For many institutional asset managers, creating mutual funds that are an extension of their institutional strategies might seem like an easy way to build firm AUM. Yet the mutual fund business can be very different than managing institutional strategies and distribution success goes far beyond investment performance.
Consider the following six issues when deciding to launch a ‘40 Act product:
- Mutual funds face stiff competition: According to Moody’s, the top 2% of 8,000 U.S. mutual funds make up 50% of overall industry AUM and approximately 2,800 funds have less than $100 million in AUM. Given this statistic, it may not be wise to rely on investors and advisors finding your product.
- Utilize a Series Trust to reduce costs and leverage outside expertise: A series trust provides professional oversight and organizational efficiencies through a shared structure rather than organizing as a standalone company.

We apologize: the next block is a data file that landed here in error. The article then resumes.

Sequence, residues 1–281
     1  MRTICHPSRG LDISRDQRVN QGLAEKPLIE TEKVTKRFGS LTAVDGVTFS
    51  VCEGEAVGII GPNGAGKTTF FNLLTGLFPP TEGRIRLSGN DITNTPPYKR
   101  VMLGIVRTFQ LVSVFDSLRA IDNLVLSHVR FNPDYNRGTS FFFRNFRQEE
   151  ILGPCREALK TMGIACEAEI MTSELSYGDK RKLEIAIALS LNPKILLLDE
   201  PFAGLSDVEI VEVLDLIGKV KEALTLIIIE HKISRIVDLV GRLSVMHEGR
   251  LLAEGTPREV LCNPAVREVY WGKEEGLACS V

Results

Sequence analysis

- Seed capital must be adequate: Given that the RIA community continues to evolve and become a critical source of gathering assets, higher levels of seed capital are needed to allow advisors to allocate a strategy among their clients.
- Get selling agreements in place: Selling agreements are key to gaining access to the advisory marketplace. Work with Schwab, Fidelity, Pershing and others to get selling agreements in place at fund launch or shortly thereafter.
- Create strong, cohesive marketing materials: Identify key product differentiators that makes your fund stand apart from its competition. Showcase features and benefits and provide guidance on placement within asset allocations.
- Build a sales pipeline and proactively communicate with advisors. Have a defined strategy in place that involves proactive communication, national account development and direct sales interaction with advisors. Remember that a public relations campaign is not a substitute for a sales strategy.
Want to know whether developing a new fund makes sense? Give us a call to discuss the pros and cons of launching new mutual funds.